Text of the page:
My Coincidence Goes Like This: Inspired by Abstract Art and Piet Mondrian
Acrylic on paper
Abstract art sits through the ages, connecting and supporting our malleability.
Today’s piece was inspired not just by the perceptive power of abstract art but by a stroke of coincidence. If, like me, you research enough, through different resources, and if luck is on your side, then you may experience a moment of coincidence that makes you wonder if it was orchestrated by a celestial being, just maybe.
My coincidence goes like this: back in September, I’d been particularly inspired by a headline in the Nature journal which hinted that earliest known art was abstract. But I let my inspiration take me away from this article, away from the article before I could know more. I come from a household that gives space for the scientific, just as it does the creative. This amalgamation leaves us with so much inspiration that we are prone to leave unfinished art projects and copies of the Nature journal lying about.
A couple of months later, my interest in abstract art returned when I came across Piet Mondrian’s quote,
“The emotion of beauty is always obscured by the appearance of the object. Therefore, the object must be eliminated from the picture.”
My mind began to roil at this quote’s artistic and philosophical implications. A feverish feeling crept up inside me and begged to be let out, so I decided to study Mondrian for a piece for the CognEYEzant project.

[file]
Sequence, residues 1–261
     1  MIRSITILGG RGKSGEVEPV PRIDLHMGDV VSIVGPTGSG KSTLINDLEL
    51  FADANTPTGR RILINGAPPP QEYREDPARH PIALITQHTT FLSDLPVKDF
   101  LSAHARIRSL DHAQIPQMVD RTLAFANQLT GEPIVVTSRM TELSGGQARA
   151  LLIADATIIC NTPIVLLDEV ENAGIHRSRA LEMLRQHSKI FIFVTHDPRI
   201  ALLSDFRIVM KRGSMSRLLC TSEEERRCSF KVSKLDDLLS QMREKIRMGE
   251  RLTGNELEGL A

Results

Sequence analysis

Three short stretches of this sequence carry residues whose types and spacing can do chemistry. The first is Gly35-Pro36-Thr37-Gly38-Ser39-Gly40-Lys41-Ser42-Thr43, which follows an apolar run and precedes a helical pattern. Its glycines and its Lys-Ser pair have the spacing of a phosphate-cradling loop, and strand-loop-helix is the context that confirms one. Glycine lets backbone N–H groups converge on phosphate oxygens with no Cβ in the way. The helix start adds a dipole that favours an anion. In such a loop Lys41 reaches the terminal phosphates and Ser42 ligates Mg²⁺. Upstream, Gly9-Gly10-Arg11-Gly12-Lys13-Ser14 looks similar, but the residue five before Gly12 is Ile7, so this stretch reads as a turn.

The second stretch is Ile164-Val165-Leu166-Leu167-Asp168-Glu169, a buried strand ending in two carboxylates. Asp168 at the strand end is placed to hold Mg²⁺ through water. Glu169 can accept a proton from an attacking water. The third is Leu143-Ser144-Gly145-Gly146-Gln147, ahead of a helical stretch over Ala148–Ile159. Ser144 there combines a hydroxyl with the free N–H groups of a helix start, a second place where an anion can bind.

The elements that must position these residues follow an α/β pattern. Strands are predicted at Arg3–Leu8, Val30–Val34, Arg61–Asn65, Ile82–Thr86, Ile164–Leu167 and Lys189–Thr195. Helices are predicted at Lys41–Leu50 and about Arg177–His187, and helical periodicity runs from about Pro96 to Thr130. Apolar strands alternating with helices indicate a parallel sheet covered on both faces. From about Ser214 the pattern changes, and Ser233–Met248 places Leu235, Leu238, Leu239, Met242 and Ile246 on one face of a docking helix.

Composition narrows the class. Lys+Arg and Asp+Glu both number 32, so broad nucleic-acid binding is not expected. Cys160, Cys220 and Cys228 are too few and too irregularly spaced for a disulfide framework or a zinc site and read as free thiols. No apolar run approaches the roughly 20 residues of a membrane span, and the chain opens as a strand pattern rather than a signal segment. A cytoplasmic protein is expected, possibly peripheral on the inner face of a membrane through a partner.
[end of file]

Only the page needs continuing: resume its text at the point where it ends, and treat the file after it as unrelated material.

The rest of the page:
Again, I came across the Nature article as I dove into the piles and piles of books, articles and ideas, trying to sort them, save them for a later, gloomy day. And again, the prehistoric, abstract ocher crayon creation caught my inspiration.
Today found me reading this long awaited article. And at the bottom of this article, an article that had been sitting beside me for months, perhaps even while I was learning about Mondrian, was a reference to the artist himself.
This coincidence correlates to abstract art directly: abstract art sits through the ages, connecting and supporting our malleability.
Whether it was the ancient person on the southern shore of South Africa, who used a red ocher crayon to express something previously unknown, or Mondrian, who used the simple lines and minimal colors of De Stijl to embrace an unknown, abstract art has the power to touch our lives, to touch our abstract selves.
And perhaps, if we approached each other as a work of abstract art, a thing full of many contexts, full of many unknowns, we may begin to understand each other.
Want to explore abstract art even more? Check out PBS Digital Studio’s The Art Assignment episode “The Case for Abstraction”.